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Comment: Re:My father is a retired corporate pilot . . . (Score 1) 108

by pigiron (#47930549) Attached to: A DC-10 Passenger Plane Is Perfect At Fighting Wildfires

A problem the much safer Lockheed L-1011 solved by only putting the air intake on the leading edge of the rear stabilizer and putting the third engine down in the fuselage and more in-plane with the two wing engines.

The DC-10's name was changed to the MD-11 in order to distance itself from the hugely bad reputation the DC-10 had earned.

The safety statistics quoted above are bogus as they count a single death the same as this infamous one of Flight 191 which killed everyone on board when an engine fell off the plane during takeoff from O'Hare:

http://www.super70s.com/Super7...

Comment: Re: Are you fucking serious? Tell me you aren't! (Score 1) 198

by pigiron (#47872725) Attached to: UK's National Health Service Moves To NoSQL Running On an Open-Source Stack

"There are plenty of use cases where ACID compliance is ridiculous, such as most banking transactions."

I (and my minions) have been applying relational transaction solutions to banking problems for 35 years and your statement is total and utter nonsense. Almost all banking transactions require rigorous application of ACID in order to ensure that there is no double accounting for the same transaction.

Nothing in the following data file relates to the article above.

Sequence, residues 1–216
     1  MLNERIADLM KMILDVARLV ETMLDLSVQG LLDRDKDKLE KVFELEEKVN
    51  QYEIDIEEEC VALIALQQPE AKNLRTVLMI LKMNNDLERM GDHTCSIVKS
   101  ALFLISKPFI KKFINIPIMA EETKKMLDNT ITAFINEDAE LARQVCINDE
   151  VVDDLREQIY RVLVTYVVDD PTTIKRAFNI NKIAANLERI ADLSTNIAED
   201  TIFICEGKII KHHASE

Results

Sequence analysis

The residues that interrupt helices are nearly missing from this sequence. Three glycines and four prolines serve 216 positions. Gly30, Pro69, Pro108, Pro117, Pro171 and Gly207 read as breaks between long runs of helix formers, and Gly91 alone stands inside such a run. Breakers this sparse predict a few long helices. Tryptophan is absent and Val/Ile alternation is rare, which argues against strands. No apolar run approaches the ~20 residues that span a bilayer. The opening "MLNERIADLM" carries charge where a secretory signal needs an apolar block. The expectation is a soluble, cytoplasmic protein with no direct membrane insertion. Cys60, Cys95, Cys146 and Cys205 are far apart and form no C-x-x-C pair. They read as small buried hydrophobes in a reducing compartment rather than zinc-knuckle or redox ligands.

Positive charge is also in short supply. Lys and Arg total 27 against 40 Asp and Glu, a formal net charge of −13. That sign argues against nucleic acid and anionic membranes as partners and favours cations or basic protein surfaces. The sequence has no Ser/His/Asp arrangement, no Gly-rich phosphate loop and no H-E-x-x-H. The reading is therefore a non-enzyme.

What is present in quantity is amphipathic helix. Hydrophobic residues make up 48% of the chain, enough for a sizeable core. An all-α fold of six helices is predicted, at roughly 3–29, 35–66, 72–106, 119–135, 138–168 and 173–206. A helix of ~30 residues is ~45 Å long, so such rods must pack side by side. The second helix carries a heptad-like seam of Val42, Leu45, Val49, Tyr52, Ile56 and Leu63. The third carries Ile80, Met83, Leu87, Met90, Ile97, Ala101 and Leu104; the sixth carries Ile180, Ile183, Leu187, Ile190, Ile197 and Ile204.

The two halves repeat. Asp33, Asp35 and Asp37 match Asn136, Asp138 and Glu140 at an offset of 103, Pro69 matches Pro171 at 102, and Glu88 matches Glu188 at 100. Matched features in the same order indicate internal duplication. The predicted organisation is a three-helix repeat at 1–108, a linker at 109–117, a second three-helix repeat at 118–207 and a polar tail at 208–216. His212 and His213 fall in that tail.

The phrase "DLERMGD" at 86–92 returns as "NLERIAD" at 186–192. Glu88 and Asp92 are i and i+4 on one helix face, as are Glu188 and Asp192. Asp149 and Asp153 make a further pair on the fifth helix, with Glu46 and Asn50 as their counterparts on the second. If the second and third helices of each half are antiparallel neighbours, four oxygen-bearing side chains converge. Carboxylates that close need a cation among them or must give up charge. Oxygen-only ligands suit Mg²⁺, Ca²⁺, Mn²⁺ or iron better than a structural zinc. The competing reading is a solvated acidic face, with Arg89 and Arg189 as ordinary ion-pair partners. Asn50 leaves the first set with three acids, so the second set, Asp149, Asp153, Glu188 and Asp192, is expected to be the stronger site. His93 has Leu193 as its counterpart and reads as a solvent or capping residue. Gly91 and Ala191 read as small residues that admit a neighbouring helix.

You don't know WTF you are talking about.

Comment: And the winner will still be... (Score 1) 105

by pigiron (#47857307) Attached to: Intel Launches Xeon E5 V3 Series Server CPUs With Up To 18 Cores

the architecture that can achieve the fastest speed on complex relational joins.

You remember normalized tables and joins of course because they aren't going away since they are the only program constructs that are remotely built on the solid foundation of real math set theory

AND they aren't even Turing machines!!! LOL.

Comment: Re:Pick a different job. (Score 2) 548

by pigiron (#47722941) Attached to: Ask Slashdot: What Do You Wish You'd Known Starting Out As a Programmer?

"Programming isn't a profession like law or medicine. It's a skilled trade like plumbing, masonry, or electrical work."

I worked under the impression that it would be something akin to being a skilled tool & die maker when I learned to code Fortran, circa 1973, for an upper division class for statistical analysis of econ data. I was subsequently proved right when I started working professionally as a financial analyst in 1980 using Fortran, SAS, and an early relational database management system.

I made a ton more money in my career than any tool & die maker ever did though I moved around a lot like a professional welder might.

As for the OP's original question, my first big mistake was not modularizing my early long Fortran programs into subroutines. Fave languages are fully functional interpreters with dynamic typing and code that in itself can create immediately executable code like a LISP 1. PS - HTML are really just a special case of S-expressions and rows in relational normalized tables map pretty easily to lists too.

Get hold of portable property. -- Charles Dickens, "Great Expectations"

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